Saturday, March 14, 2009

Spring: It's just not that into me.

Ah, Spring. You little tease. Just yesterday you tapped at my window, pulling me outside and into the sweetest sunshine.




You flirted with me shamelessly until I started writing your name in little hearts in my notebook. I imagined our future together: you and me shucking bright green peas from the farmers market, our fingers stained purple from the blackberry scones we'd made that morning. We talked ab
out inviting our friends over for a sundressed afternoon of grilled pizzas and prosecco. We fell asleep, whispering to each other about artichokes, lemon sorbet, and homemade strawberry jam.

But when I woke up, you were gone. Just like that. You didn't even leave a note on the pillow. The life we had imagined together seemed to be suddenly erased by the heartless clouds that crowded the sky. You broke my heart, false Spring. How dare you.

Luckily, I found a rebound recipe. And it's su
per hot.


It's called Roast Pork with Sweet-and-Sour-Chile-Cilantro Sauce. It's tangy and spicy and smart and laughs at all my jokes.

With each satisfying sound of pestle meeting mortar, I stamped out memories of you as I ground up the coriander seeds (which combine with honey and chile and lime to create the most mouth-watering aroma).





I roasted some baby yukon gold potatoes and sauteed some green beans in garlic and olive oil and paired it with a bottle of chilled rose.
And it was spectacular.

So yeah, I'm totally over you, Spring. I don't even remember what I saw in you in the first place.


But, you know, if you're ever in the neighborhood, feel free to stop by, okay? Cuz we can totally still be friends, right?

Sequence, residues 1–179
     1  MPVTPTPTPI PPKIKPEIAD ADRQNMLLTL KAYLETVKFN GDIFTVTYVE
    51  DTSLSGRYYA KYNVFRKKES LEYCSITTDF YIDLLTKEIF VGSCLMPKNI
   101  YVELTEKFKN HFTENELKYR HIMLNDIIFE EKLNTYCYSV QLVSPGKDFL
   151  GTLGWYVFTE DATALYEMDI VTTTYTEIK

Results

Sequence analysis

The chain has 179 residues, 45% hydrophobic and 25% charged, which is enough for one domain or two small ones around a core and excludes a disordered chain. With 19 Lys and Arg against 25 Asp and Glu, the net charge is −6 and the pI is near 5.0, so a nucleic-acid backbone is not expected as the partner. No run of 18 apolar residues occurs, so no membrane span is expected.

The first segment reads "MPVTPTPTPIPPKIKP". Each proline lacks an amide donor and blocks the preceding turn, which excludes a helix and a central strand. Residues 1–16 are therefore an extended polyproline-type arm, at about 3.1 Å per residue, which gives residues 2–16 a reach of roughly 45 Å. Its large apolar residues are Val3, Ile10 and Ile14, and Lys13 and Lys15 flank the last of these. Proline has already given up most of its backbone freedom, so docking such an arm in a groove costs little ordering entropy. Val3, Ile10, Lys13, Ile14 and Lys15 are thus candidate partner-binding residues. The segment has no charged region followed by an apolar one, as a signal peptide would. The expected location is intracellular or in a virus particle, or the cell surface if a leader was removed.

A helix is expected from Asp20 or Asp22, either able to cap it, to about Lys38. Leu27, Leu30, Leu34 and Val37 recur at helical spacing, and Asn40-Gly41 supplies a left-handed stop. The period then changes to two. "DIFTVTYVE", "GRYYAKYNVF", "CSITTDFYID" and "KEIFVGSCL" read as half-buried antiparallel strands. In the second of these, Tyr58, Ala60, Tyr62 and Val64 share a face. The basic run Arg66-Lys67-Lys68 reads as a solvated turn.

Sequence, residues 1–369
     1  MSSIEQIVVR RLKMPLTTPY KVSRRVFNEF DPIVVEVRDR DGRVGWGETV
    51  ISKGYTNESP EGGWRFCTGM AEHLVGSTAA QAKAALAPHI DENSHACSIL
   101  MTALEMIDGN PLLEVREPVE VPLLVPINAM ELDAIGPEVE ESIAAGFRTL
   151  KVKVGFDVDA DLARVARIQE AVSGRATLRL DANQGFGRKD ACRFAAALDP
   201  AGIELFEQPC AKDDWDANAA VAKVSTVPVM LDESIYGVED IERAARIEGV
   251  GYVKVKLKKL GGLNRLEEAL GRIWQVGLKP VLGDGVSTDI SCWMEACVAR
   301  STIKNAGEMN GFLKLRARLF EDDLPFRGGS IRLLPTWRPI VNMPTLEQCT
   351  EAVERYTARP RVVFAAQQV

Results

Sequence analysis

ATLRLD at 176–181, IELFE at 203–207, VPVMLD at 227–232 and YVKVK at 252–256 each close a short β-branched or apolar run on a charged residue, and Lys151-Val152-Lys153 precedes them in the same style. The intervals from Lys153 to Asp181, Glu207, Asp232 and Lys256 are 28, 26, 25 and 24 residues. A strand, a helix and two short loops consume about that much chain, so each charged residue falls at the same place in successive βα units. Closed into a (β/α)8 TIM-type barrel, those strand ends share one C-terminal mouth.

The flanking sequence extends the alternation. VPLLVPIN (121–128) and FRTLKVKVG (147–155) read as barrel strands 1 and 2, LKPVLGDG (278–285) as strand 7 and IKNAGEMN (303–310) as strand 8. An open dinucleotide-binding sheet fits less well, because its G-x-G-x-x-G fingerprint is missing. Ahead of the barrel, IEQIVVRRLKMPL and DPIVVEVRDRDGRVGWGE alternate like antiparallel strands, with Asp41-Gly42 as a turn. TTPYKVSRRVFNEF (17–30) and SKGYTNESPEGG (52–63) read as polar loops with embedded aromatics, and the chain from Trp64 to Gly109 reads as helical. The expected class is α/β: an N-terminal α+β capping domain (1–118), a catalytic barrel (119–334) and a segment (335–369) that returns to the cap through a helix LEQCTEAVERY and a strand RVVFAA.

So, we'll talk soon, Spring? Facebook me!



Roast Pork with Sweet-and-Sour-Chile-Cilantro Sauce
Adapted from Gourmet

For pork


1/3 cup coriander seeds
1 1/2 cups fine dry bread crumbs

1/2 cup extra-virgin olive oil

1 teaspoon cracked black pepper

3/4 teaspoon salt

3 lb center-cut boneless pork loin roast, butterflied


For chile cilantro sauce


1 red bell pepper, cut into 1/2-inch pieces

1/2 cup caribe* (crushed New Mexico red chiles)

1 cup honey

1/2 cup fresh lime juice

1 teaspoon salt
1/4 cup chopped fresh cilantro


*If you can't find this, try any mild, smokey dried chile that isn't too hot. I used ground red California chiles.

Prepare pork loin:

Preheat oven to 400°F.

Coarsely crush coriander seeds with a mortar and pestle or an electric coffee/spice grinder, then stir together with bread crumbs, oil, pepper, and salt in a small bowl.

Turn pork so a long side is closest to you and season with salt and pepper. Pat one third of seasoned crumbs onto pork, leaving a 2-inch border along top edge. Starting with side nearest you, roll meat into a cylinder and tie securely with kitchen string. Coat pork with remaining crumbs.

Roast pork on a rack in a roasting pan in middle of oven 15 minutes. Reduce temperature to 325°F and roast until an instant-read thermometer diagonally inserted at least 2 inches into meat registers 155°F, 1 to 1 1/4 hours more. Let pork stand, loosely covered, 10 minutes.

Make sauce while pork roasts:
Simmer bell pepper, caribe, honey, lime juice, and salt in a 1-quart heavy saucepan over moderate heat, stirring occasionally, until sauce is slightly thickened, about 30 minutes. Cool sauce to warm or room temperature, then stir in cilantro just before serving.

Slice pork and serve with sauce.


3 comments:

  1. thank you for your kind comment -- i can't tell you how much i appreciate it, although i suspect you understand. and i'd just like to say, the feeling's mutual. also, francie nolan the cat? GENIUS.

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  2. Hi, I'm your friend's(Marisa) friend, Carol. She told me about you and what a great writer and cook you are. I enjoy reading your blog and looking at pictures of yummy dishes you made. Thanks!

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  3. Thanks, Carol, and welcome! Your photos are really beautiful (Mason looks like such a little man in those that you took!).

    And Cate, thank you for appreciating Francie Nolan. I secretly find excuses to call for her around the neighborhood, because that name should be shared.

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